If you want positive outcomes, it’s important to do more than just show up once a year! Preparation and continued involvement throughout the year are what it takes to see adequate gains. Otherwise, the odds are that you will be disappointed and we all know you don’t want that. So, accepting the shared responsibility of monitoring and supporting your child’s education is the golden rule, I can promise you that.
Imagine that your child’s education is like being on a cruise ship. He is doing well in school and there are no problems. The teachers are great, the school is accommodating, and all seems to be splendidly ship-shape. Then, suddenly and without warning, you sail directly into an iceberg. In order to not quickly sink the ship that threatens to negate the progress and destroy trust with all of those that we assumed were watching over the course we were sailing, your involvement, responsibility, monitoring and support will will keep your ship afloat.
At a minimum, establishing clear communication and monitoring quarterly progress is pivotal to achieving positive outcomes. This ongoing participation and understanding of procedural process are what increase the likelihood of those desired outcomes. Although there is no guarantee that children with disabilities will learn, there is a guarantee that they will have an equal opportunity to learn.
Using the procedural process http://www.parentcenterhub.org/repository/pa12/ is how we do that. More than once I have heard a parent say that they do not have the time to learn the process, despite the offer of free training. Use the training! It will be much easier to make the time now than it will be when your child exits the system of entitlement and enters into post-secondary world of eligibility. What I mean is that it’s easier now than later, when they are thirty and sitting on your couch with no marketable skills or independent living options. A positive outcome would be that he or she is well prepared with job skills, working, and living independently.
The process exists and there are timelines in place to safeguard against a negative outcome. IDEA requires transitional services to be in place by age sixteen. With advance preparation, we have options in case children with disabilities drop out of school. There is a plan in place to make sure they have the skills to be employed and agencies already identified to help make it happen.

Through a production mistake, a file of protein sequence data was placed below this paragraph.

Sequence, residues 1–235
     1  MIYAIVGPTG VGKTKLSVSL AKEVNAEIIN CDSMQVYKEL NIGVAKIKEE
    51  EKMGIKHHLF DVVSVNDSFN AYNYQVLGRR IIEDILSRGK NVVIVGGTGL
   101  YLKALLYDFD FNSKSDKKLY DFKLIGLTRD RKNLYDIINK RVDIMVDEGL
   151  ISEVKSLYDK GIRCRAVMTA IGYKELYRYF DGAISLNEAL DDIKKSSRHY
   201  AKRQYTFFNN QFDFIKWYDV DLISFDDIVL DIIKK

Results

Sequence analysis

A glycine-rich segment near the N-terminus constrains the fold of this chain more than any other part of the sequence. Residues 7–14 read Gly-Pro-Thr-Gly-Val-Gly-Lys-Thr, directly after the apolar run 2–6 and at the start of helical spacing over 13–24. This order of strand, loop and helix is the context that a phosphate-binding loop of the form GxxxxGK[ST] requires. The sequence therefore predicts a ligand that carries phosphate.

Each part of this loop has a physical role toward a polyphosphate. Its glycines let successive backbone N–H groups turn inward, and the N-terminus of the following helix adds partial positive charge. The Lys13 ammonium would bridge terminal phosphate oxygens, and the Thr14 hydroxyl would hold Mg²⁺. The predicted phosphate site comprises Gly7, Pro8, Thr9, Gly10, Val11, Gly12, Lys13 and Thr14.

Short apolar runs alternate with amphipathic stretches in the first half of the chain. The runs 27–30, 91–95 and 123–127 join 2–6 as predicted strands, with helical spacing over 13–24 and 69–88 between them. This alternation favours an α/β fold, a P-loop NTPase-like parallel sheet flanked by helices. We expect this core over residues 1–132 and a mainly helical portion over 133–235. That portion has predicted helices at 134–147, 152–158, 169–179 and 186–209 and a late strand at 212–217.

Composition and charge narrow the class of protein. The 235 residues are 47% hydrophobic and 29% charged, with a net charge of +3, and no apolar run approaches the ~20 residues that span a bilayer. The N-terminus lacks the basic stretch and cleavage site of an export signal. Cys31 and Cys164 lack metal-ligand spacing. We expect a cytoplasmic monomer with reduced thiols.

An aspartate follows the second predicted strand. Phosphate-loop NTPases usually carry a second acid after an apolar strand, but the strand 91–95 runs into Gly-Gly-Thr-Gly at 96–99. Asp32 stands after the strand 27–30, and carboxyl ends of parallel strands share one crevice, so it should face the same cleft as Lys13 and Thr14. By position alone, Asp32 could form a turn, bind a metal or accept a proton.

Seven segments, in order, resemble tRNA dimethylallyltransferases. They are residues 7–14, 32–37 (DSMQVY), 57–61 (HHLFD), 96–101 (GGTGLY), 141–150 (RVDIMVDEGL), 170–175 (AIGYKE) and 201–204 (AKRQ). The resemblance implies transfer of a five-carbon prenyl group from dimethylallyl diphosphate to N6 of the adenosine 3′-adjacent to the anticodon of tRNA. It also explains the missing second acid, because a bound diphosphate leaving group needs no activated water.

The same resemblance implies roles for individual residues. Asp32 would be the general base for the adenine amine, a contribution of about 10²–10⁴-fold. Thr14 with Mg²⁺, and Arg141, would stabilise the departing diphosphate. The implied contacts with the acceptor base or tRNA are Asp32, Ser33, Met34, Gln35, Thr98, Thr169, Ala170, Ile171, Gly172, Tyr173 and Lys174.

Achieving the three important goals of: being gainfully employed, living independently, and having quality of life, requires due diligence on behalf of parents. Learning procedural process set forth by federal law and applying it individually in the manner it was intended to be done will result in the outcomes you seek. IDEA is a wonderful law that has progressed and evolved over three decades to reach the point where it is today. That happened by parental involvement, much of which was expended by parents that never received the benefit for their own children, but resulted in a positive change for so many others.
There are times when I reflect back on the significant impact my role of advocacy had on my child’s education. One of those happened when out of frustration, I had spent the day on the phone speaking with numerous agencies regarding issues of non-compliance. At the end of the day I found myself in a long conversation with an attorney from a non-profit advocacy group who perhaps gave me the single most effective piece of advice and I vividly remember her words to this day. “Mr. Hawke, if you are waiting for a knight in shining armor to come and rescue you, forget it. It is not going to happen. If you want the things you need, you have to learn how to do this.”
That single statement hit me like a glass of ice water thrown in my face and launched me down a determined course to follow what she suggested. I couldn’t have been given better guidance as evidenced by my son’s successes!
So let me pass that advice on to you. Step up, learn the process and become involved. Be the difference and do more than just show up. You are your child’s best advocate!